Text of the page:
The great Indian railway empire

Print edition : March 23, 2007

A scene at the New Delhi railway station.The entire process of the movement of goods has to be made less of a horror story than it is now.-V.V. KRISHNAN

The Railways are a transportation agency and should put the needs of the client moving freight and of passengers above everything else.

A JOURNEY on a train in India - a fairly long journey, not a hop-on, hop-off affair - can make one conscious of how far we have come from the trains of newly independent India. The wooden carriages that were filled with soot from the smoke billowing from the engines, the windows that either never opened or could not be closed, and the toilets that were appalling and usually had no water - all of these made travel by train an ordeal, an experience that was as unpleasant as it was unforgettable.

Now there is air-conditioning, there are seats or bunks that have some kind of cushioning, and the windows usually open and close, though considerable effort may be needed to get them to do so. The toilets are not always clean but some are to begin with and can be flushed for a time. Certainly these changes are praiseworthy, but the point really is whether they are enough.

It is easy to assert at this stage that one can go on complaining and that it is impossible to give five-star comforts to the passenger travelling in a second class carriage; he should be grateful for what he does get, considering the very small amount he pays to travel by train. But the point being raised has little to do with the comforts made available by the Railways' authorities or the price paid for them. It is a more basic issue.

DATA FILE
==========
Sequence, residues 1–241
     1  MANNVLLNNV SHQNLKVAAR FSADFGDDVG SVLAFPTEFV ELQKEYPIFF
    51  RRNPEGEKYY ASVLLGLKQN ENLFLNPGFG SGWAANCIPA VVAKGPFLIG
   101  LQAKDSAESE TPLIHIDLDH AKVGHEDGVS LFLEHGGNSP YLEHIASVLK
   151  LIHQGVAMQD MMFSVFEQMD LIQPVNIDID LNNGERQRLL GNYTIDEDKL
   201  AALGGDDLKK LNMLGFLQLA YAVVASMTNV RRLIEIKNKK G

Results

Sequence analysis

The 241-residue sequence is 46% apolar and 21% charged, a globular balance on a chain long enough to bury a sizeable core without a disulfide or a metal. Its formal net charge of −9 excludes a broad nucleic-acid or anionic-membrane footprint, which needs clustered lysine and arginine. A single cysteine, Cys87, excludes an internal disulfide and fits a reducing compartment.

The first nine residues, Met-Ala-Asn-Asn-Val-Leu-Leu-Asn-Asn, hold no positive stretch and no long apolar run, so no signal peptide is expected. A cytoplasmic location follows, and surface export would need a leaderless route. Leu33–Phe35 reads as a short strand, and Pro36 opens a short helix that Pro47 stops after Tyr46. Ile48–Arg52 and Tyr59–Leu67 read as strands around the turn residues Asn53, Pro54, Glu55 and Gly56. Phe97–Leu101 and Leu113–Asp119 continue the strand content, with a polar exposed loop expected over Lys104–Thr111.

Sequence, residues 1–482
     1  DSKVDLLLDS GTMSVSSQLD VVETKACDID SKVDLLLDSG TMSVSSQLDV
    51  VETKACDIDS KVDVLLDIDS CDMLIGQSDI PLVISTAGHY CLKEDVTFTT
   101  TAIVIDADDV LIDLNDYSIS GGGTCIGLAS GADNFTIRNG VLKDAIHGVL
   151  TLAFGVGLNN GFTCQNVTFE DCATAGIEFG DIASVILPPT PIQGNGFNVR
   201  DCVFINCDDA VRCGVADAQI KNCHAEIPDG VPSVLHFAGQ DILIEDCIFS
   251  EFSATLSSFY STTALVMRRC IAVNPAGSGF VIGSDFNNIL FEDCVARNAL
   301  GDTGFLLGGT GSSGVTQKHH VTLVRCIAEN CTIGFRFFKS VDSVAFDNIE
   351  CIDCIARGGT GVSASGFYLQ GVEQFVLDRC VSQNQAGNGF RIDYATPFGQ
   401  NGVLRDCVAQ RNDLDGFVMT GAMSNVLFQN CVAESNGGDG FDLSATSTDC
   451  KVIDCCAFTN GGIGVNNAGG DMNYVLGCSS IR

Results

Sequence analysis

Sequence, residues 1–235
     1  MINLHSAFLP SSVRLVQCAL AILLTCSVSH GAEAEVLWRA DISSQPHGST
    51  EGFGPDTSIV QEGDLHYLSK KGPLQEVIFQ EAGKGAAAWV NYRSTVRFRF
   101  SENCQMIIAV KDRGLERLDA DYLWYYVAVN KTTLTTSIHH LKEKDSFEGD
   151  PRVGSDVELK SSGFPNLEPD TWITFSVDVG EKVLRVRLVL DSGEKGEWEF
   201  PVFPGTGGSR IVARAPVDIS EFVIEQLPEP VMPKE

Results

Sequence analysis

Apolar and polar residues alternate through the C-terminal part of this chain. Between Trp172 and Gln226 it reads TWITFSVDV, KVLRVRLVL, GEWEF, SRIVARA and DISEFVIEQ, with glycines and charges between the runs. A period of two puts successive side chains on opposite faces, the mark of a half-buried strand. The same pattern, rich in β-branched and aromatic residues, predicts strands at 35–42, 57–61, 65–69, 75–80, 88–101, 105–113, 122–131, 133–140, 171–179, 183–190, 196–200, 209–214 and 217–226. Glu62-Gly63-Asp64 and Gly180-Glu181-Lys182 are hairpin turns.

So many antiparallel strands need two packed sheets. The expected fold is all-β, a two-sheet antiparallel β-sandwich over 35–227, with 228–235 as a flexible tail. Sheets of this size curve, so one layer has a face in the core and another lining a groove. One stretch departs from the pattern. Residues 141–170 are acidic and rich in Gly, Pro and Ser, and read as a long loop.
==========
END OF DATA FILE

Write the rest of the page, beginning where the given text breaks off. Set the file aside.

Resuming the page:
With all the air-conditioning, the cushioned seats, the more comfortable coaches and all the rest, one needs really to look at the entire process of undertaking a train journey. Is it, one needs to consider, a passenger-friendly experience? This is not merely a matter of comfortable seats and all the other facilities being provided. The purchase of a ticket is where the process of a journey's passenger-friendliness, or lack of it, begins. With all the counters, all the electronics, the computers and the now much-touted on-line booking arrangements, the process is as mystifying as it is harrowing. Most passengers will agree that it is usual to get a wait-listed ticket even a fortnight before the journey. True, it comes with an assurance that it will almost certainly be confirmed on the day of the journey; that is the mystery and the beginning of tension. Why is it so difficult to provide a ticket that is confirmed, as in the case of an air journey?